As part of the Abington NatureWatch Bird Survey over the Bank Holiday weekend, Marion R reported seeing a Spotted Flycatcher in her Little Abington garden. First of the year!
Marion used to regularly see Spotted Flycatchers in her garden, but this is the first one to visit for some years. She reports seeing the bird again since, and so maybe it will stay around and nest.
You may recall from Michael Holdsworth's very interesting talk on this subject at our spring meeting, that Spotted Flycatchers are in decline across the UK, and he is undertaking research to try and understand more about this problem. To that end, Michael would very much like to hear about any sightings of Spotted Flycatchers in the village - so if you see one, please notify Derek and Andy as soon as possible, so we can verify and pass the message on.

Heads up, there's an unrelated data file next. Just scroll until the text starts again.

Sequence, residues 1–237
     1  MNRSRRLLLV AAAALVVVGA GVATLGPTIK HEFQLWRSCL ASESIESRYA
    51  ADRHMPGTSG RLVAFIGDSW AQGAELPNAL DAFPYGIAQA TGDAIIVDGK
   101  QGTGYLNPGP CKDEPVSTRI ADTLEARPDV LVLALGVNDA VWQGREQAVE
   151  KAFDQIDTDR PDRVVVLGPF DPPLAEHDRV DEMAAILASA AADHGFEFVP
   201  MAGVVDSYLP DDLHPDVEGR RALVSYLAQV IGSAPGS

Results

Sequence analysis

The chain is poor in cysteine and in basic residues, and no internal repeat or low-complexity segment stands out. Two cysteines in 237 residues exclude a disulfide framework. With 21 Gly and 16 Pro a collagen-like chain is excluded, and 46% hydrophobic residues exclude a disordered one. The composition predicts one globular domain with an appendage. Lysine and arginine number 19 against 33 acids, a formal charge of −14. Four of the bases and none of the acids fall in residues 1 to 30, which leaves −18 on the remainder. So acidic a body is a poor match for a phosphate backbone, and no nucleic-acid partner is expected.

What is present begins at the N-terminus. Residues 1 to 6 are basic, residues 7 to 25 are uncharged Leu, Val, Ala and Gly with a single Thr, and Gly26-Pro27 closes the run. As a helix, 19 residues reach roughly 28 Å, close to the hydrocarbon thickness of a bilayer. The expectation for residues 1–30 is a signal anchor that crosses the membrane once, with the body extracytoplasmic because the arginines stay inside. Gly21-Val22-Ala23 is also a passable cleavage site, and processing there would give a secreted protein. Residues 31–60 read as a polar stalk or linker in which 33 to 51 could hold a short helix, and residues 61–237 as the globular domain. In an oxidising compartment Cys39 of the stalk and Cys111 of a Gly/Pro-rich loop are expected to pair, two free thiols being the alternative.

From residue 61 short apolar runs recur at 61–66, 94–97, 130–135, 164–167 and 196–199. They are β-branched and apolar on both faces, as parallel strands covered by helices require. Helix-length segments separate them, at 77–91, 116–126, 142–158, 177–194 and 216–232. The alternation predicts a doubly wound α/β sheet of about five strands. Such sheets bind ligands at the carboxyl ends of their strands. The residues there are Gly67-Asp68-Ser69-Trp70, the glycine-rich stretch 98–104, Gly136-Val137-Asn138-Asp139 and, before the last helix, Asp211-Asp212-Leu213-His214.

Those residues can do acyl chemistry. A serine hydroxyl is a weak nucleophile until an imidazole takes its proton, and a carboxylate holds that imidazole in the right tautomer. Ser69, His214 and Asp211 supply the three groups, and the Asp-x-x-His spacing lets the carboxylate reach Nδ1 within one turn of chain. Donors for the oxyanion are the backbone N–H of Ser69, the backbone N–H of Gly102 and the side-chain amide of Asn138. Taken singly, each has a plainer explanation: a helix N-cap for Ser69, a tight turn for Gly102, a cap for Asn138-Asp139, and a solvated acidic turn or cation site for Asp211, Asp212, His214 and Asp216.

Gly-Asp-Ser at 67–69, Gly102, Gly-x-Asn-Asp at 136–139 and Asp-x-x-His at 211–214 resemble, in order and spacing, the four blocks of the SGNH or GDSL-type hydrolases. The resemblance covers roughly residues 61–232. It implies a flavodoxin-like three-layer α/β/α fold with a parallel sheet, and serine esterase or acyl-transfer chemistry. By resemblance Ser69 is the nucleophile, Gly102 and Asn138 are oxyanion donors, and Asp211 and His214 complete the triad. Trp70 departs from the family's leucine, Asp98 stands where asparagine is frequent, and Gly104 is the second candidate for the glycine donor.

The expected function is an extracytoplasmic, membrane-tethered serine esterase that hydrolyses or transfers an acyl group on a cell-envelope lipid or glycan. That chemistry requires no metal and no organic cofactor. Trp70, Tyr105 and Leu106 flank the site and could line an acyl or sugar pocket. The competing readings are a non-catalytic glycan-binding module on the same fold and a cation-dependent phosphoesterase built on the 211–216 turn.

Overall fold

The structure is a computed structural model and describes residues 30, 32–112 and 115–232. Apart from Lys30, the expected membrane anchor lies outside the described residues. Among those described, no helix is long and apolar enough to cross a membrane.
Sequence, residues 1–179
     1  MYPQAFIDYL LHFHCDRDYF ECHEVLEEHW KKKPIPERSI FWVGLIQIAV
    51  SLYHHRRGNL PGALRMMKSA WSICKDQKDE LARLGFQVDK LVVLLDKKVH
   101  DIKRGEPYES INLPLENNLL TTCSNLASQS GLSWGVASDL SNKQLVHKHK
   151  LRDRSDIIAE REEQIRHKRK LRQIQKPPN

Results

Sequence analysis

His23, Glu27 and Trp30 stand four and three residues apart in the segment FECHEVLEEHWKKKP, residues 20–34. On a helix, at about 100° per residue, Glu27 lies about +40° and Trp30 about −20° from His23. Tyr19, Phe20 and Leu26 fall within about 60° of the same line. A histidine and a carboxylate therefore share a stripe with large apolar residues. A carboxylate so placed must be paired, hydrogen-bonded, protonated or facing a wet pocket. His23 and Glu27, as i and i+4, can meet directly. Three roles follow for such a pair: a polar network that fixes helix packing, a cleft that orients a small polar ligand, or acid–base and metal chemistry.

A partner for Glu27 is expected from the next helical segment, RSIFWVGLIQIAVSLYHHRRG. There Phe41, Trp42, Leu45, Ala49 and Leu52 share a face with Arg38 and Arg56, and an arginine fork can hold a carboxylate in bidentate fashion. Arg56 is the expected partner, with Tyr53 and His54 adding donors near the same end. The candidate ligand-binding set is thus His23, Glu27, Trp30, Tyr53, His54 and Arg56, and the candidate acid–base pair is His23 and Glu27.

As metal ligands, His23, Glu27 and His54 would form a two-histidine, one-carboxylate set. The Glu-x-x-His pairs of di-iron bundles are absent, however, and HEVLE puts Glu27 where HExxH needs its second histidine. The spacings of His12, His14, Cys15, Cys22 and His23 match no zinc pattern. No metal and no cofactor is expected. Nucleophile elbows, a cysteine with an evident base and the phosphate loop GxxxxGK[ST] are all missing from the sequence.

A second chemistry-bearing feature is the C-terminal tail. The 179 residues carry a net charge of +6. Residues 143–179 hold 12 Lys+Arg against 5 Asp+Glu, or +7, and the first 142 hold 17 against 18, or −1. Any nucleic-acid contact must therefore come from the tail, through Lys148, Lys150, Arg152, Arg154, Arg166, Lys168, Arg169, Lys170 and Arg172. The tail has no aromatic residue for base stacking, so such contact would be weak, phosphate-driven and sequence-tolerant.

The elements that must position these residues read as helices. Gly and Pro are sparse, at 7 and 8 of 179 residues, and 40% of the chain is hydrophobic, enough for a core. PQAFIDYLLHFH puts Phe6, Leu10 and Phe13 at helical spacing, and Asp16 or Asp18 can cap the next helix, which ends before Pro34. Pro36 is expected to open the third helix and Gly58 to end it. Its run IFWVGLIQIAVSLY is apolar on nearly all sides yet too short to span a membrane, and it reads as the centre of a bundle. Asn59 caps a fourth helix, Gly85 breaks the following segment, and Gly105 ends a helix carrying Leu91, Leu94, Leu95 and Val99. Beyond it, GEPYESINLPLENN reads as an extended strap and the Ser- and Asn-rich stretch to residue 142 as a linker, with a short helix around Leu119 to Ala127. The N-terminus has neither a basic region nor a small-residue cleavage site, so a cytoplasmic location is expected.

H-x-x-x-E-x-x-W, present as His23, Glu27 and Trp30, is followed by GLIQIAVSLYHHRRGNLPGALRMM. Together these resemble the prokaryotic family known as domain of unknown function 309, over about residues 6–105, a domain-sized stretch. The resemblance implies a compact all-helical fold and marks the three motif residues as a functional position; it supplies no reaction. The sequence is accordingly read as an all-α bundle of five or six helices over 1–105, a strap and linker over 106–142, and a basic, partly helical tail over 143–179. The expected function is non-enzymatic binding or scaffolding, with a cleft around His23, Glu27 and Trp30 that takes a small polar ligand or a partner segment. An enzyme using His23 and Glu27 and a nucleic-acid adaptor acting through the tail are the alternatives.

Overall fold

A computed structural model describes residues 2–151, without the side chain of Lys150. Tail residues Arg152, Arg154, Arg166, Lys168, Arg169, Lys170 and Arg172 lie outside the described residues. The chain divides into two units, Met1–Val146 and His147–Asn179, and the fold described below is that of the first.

Spotted Flycatchers are apparently rather drab birds, lacking any bold plumage colouration, being a dull brownish-grey above, creamy-white below with feint streaks on the upper breast, with relatively large black eyes, and a narrow pointed bill. Being around 14cm in length (about the size of a House Sparrow), they appear slim and typically perch with an upright stance. Their behaviour however is anything but dull, as they will typically fly out from a high perch to catch small insects in mid-air, returning to the same perch. Typically they catch insects such as moths, butterflies, damselflies and craneflies.